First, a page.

Lately I’ve been listening to “You Learn” by Alanis Morissette: “You live, you learn. You love, you learn. You cry, you learn. You lose, you learn.”
I think there’s something pretty comforting in knowing that even the biggest mistakes I’m inevitably going to make will turn me into who I’ll be at thirty. In my twenties a few lessons have so far been achieved.
- Come clean about money
It’s easy to say, “Let’s go out. I’ll put it on my card.” It’s hard to muster up the courage to say, “I can’t go out to eat because my ATM is almost out.” But here’s the thing: It’s not right to spend money you don’t have to perpetuate a lie about who you are.
- Give yourself as much as you give of yourself.
Before you spend on anyone else, you need to put away money every single month, until you have an eight-month emergency fund. You need to pay off any debt you have. You need to pay your bills on time. You need to start saving for retirement. Yes, that’s a lot of stuff to check off a list, but it’s important for your financial—and emotional—well-being
- Live below your means but above your needs
If you own a car, and the car works fine, but you want to buy a new car simply because you have the means to do so, don’t! Keep the wheels you have for now. So many young men and women think that if they have any money, they should spend it. And I’ve realized that this is often because they are angry at money.They spend money, thinking, This will make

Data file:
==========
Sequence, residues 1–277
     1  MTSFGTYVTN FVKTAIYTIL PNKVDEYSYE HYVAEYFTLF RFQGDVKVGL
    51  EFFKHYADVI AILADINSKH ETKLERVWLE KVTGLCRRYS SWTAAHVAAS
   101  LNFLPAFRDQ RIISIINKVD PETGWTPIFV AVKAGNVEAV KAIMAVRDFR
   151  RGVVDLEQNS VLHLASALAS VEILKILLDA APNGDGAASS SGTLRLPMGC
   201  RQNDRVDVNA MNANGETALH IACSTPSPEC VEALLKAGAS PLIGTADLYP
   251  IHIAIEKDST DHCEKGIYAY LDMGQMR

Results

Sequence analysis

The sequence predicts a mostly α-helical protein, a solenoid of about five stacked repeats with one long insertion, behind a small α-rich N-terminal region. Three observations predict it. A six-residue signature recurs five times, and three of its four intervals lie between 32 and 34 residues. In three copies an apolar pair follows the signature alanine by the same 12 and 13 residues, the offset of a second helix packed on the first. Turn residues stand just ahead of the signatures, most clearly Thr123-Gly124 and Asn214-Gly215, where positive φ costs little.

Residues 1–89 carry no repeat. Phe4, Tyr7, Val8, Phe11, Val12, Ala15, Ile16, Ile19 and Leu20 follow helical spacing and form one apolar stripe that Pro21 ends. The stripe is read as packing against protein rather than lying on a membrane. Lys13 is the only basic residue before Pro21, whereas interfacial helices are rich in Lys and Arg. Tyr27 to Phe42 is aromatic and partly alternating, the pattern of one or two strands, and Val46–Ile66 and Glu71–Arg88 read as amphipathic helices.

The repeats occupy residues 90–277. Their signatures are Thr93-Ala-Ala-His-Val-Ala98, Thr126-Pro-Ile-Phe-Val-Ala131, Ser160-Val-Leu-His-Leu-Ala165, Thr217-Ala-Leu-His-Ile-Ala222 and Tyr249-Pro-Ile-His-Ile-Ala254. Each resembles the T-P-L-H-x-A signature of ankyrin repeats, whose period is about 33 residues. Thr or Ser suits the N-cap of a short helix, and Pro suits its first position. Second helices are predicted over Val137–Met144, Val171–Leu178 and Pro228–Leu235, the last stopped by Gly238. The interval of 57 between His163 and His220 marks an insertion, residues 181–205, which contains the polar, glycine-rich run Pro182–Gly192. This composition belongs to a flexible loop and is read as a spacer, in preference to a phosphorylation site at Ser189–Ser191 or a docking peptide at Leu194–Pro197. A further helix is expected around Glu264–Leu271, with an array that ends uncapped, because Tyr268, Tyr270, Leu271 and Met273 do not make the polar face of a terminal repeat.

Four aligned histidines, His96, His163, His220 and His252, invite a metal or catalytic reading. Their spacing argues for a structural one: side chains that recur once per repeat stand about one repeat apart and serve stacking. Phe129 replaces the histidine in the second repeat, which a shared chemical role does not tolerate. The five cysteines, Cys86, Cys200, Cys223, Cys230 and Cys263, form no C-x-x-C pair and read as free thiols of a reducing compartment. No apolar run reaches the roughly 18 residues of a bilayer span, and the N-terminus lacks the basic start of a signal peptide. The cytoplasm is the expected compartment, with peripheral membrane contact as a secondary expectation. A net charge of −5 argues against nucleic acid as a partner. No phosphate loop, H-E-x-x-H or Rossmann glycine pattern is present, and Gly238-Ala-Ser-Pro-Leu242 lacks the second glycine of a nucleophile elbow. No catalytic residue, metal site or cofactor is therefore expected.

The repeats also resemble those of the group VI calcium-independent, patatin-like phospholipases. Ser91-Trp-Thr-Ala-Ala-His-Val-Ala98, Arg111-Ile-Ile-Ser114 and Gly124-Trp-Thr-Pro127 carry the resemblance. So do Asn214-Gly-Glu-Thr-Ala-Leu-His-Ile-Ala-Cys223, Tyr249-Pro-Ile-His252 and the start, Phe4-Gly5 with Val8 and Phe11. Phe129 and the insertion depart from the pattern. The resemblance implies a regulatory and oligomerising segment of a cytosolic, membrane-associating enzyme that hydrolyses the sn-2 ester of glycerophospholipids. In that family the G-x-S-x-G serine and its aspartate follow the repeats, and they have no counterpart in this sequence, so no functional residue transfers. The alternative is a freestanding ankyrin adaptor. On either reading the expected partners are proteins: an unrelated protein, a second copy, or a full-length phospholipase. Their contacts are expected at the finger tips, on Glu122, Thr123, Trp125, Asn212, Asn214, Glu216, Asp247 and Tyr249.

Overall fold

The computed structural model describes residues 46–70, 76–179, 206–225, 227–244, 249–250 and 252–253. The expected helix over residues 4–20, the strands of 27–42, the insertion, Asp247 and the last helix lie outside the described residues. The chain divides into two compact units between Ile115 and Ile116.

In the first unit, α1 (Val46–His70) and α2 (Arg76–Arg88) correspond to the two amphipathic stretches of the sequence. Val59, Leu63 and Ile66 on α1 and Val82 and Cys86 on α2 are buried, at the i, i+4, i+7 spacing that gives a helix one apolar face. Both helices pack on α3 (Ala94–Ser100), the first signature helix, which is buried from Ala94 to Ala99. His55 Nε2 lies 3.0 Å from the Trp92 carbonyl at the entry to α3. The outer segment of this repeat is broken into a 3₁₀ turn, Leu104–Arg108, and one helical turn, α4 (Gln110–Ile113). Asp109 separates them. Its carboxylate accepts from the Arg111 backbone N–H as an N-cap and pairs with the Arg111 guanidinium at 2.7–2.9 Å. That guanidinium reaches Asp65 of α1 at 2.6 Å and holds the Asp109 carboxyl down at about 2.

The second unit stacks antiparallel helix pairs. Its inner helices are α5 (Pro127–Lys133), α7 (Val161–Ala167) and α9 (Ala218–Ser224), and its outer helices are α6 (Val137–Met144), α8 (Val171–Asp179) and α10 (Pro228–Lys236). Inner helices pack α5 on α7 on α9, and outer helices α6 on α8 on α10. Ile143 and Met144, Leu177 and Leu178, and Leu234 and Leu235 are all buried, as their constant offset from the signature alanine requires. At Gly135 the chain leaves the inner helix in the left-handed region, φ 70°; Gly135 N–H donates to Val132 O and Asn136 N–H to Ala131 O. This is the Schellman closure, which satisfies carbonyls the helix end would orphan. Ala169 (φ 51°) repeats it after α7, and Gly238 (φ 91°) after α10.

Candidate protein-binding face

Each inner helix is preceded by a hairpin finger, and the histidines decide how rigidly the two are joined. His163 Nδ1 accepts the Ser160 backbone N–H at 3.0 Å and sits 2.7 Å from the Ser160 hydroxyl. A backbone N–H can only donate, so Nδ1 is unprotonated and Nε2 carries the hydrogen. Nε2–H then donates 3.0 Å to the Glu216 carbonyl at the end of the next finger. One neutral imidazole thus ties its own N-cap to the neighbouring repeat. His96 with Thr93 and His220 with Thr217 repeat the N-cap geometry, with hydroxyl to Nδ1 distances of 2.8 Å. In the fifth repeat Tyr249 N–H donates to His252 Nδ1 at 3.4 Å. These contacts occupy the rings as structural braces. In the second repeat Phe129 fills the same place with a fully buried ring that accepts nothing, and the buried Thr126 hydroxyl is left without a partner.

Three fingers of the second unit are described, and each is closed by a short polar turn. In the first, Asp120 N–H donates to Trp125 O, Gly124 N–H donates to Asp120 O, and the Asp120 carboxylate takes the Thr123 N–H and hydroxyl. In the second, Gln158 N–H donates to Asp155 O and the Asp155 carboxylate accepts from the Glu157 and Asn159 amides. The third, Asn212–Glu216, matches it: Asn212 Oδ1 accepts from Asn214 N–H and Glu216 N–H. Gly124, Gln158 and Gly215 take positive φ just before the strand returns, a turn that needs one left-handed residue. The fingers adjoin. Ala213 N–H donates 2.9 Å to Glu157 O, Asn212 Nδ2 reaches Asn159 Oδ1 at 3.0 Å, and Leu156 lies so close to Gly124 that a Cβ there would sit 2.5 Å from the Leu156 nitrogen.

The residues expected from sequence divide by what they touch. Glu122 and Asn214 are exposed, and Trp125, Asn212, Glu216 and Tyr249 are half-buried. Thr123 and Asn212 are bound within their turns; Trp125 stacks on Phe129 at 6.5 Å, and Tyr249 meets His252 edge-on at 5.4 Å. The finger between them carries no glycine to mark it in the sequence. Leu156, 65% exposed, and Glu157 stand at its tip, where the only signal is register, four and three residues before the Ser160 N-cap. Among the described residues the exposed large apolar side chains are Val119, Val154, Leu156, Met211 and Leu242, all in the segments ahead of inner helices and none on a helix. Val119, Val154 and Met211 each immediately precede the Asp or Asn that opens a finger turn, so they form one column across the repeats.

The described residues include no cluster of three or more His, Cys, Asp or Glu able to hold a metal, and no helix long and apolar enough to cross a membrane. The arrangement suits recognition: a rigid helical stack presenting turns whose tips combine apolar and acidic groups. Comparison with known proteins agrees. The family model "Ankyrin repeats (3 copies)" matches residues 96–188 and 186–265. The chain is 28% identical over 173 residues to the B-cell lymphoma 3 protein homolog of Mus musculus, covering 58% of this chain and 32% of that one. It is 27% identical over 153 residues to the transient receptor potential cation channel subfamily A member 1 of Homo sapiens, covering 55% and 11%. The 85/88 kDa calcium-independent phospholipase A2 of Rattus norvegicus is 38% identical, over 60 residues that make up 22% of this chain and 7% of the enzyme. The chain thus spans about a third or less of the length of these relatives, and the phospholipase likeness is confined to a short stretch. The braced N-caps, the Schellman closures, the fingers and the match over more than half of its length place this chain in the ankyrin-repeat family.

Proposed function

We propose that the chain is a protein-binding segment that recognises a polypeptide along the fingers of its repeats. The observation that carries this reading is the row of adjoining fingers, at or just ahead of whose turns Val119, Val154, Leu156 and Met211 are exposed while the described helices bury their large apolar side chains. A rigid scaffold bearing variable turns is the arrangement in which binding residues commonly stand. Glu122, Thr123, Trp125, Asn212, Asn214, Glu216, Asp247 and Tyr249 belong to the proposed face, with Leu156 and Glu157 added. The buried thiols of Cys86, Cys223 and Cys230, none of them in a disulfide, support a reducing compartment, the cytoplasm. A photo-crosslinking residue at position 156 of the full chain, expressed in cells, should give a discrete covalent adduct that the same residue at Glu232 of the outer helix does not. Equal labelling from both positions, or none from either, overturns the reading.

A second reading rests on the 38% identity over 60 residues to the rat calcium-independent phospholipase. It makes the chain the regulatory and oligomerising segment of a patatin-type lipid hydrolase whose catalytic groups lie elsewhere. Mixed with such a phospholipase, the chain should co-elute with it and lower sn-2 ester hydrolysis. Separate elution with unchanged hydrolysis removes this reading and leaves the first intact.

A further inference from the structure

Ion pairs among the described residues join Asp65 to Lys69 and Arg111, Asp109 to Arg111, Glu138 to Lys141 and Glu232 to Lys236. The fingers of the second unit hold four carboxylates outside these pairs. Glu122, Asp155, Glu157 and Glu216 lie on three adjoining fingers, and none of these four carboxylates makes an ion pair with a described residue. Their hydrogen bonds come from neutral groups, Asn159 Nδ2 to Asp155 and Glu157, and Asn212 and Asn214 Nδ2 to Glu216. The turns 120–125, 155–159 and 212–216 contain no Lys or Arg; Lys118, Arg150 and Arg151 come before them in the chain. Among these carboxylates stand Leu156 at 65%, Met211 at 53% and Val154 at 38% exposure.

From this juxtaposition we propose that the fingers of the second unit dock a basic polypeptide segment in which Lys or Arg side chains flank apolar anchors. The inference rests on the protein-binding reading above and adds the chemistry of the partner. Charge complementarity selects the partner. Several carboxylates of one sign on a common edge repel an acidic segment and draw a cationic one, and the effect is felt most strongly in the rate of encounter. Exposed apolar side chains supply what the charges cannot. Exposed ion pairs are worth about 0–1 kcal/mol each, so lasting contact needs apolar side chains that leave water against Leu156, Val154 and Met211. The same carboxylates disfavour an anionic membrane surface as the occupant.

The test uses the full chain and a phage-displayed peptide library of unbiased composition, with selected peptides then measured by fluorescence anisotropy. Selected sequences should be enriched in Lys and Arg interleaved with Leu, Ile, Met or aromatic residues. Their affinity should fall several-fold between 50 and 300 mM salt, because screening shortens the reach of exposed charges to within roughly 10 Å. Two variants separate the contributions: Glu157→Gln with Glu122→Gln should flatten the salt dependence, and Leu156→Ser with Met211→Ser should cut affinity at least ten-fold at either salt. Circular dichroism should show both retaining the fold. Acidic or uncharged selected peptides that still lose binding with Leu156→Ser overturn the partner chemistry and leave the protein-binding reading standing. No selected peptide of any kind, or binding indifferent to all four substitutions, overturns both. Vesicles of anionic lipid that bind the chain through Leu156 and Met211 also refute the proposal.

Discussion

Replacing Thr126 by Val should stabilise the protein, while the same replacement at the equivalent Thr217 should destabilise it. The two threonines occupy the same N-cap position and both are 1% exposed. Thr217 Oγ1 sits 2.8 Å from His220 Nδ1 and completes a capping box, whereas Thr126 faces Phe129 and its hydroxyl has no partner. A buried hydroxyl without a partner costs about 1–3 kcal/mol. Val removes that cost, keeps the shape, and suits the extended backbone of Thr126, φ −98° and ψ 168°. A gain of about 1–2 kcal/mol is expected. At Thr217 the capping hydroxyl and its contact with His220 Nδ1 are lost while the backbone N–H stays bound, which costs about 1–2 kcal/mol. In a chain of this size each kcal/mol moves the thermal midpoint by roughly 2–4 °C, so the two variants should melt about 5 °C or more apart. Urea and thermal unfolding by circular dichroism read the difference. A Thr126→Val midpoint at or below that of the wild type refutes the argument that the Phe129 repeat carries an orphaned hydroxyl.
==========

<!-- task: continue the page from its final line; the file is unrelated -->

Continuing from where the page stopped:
me feel better. But it won’t unless they’ve saved for it—unless the money is there. Trust me, there’s no better feeling than the pride you’ll experience when you see your bank account growing every month and every year.
- Be your own financial advisor
Here is what every young man and woman needs to understand: Nobody is going to care about your money more than you do. Your financial success directly affects the quality of your life. Not my life, not your financial advisor’s life, not your banker’s life, but your life.